September 2013 Movie Prequel Guide: A Checklist
In the third installment of the Prequel Checklist, I will be previewing all the September movies with “prequel materials.” In other words, what could you watch, read, listen to, or whatever before a movie comes out.
Like before, I’ll be categorizing the prequel materials into three categories with varying degrees of necessity. Those three categories (in descending order) are: Essential, Useful, and Extra.
Alright, let’s get started:
The Chronicles of Riddick film franchise – Since Riddick will be David Twohy’s next installment in the sci-fi franchise, it seems pretty obvious you should catch the first two/three/four movies first. I say “two/three/four” because there are two theatrical movies (Pitch Black and The Chronicles of Riddick), one direct-to-DVD animated movie, titled The Chornicles of Riddick: Dark Fury, and one TV movie, titled Into Pitch Black. You probably could get away without catching Dark Fury. They all star Vin Diesel, so if you’re a fan of his, get ready for more action. Personally, I haven’t seen any of them (I’m slacking), but there’s no way I won’t catch up with them before Friday.
Book – There’s actually a book novelization of Pitch Black (titled “The Chronicles of Riddick: Pitch Black”) was created by Frank Lauria.
Video Games – When the franchise became a hit, The Chronicles of Riddick released two video games. The first video game, titled The Chronicles of Riddick: Escape from Butcher Bay, acts as prequel to the Pitch Black movie. The second game, titled The Chronicles of Riddick: Assault on Dark Athena is considered a remake of Butcher Bay, while continuing to bridge the gap to Pitch Black.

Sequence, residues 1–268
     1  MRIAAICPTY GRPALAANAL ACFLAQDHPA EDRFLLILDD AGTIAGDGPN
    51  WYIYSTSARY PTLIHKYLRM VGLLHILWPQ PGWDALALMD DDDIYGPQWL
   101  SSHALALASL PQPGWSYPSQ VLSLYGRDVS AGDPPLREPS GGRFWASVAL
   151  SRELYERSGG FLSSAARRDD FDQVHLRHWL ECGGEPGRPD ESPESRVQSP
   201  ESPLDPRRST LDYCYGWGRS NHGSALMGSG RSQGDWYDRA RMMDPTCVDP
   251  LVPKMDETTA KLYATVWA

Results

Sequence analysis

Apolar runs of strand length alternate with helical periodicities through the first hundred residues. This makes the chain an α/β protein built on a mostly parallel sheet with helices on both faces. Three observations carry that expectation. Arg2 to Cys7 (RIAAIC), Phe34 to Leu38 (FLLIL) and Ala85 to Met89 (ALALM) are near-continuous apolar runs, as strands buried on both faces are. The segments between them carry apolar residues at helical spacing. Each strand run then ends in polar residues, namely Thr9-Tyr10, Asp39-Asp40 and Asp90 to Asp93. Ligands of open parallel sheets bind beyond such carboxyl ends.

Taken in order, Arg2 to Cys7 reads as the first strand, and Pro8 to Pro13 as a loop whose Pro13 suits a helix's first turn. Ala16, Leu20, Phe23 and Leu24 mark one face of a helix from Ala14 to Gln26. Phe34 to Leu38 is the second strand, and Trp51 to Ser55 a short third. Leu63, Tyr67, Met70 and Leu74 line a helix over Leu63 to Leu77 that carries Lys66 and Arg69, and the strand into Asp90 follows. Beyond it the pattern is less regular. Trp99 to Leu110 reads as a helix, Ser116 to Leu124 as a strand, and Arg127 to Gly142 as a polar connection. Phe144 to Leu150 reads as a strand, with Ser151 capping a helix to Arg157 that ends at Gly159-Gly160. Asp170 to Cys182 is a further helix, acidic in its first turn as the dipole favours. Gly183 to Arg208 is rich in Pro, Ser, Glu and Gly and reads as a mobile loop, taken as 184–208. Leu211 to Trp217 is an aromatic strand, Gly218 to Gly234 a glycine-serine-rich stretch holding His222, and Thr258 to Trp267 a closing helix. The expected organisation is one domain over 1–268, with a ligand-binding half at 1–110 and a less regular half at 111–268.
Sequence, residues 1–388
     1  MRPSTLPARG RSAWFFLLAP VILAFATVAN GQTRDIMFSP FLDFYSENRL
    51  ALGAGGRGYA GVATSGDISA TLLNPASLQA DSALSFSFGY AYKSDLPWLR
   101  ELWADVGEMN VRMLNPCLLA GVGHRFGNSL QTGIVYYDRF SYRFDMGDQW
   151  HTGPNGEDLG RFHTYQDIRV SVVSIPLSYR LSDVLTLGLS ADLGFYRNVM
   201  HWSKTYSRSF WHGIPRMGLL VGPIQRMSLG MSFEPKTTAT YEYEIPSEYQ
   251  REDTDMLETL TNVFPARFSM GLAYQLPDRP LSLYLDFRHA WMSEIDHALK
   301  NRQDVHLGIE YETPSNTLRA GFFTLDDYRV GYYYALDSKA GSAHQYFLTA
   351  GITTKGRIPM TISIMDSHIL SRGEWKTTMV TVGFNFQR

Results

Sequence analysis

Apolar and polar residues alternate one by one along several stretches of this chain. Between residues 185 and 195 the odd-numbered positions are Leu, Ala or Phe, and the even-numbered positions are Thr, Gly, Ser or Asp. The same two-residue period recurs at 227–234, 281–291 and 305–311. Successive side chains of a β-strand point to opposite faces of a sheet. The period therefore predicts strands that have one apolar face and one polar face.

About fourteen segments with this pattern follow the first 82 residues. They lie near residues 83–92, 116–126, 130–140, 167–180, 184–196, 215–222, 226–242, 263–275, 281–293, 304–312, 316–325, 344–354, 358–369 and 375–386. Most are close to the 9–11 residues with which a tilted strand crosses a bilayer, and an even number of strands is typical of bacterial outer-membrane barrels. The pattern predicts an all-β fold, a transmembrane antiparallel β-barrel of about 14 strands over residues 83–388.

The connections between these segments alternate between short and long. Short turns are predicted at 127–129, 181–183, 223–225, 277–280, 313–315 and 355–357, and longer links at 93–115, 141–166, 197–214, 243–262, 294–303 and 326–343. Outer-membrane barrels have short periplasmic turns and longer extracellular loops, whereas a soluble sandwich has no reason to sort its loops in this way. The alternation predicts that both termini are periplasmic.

Books – Salinger, for those that don’t know, is Shane Salerno’s secret documentary about J.D. Salinger, a reclusive author most known for his novel “The Catcher in the Rye.” For years, the Salinger project was kept under wraps but eventually word got out. The Weinstein Company is releasing the movie this coming weekend, and it seems fitting you should know something about the famous author. The documentary doesn’t focus on one of his works in particular, so catching up on a couple of his short stories and maybe a novel/novella or two (I’d suggest “The Catcher in the Rye” and/or “Franny and Zooey”) isn’t a bad idea.
“Malavita” by Tonino Benacquista – The Family, a French-American crime film by Luc Besson (Fifth Element), is based on a novel by French novelist Tonino Benacquista. Benacquista is known for writing crime fiction and is a two-time Cesar Award-winner. If you are one of those “read before watch” people, try to find a version of “Malavita.”
Insidious – Insidious: Chapter 2 is a direct sequel to the 2011 film Insidious. Since Patrick Wilson (Watchmen) and Rose Byrne (Bridesmaids) are reprising their roles (among others), it’d seem obvious you should watch the original first. James Wan (The Conjuring) continues his busy year with another horror movie, so this one could be interesting.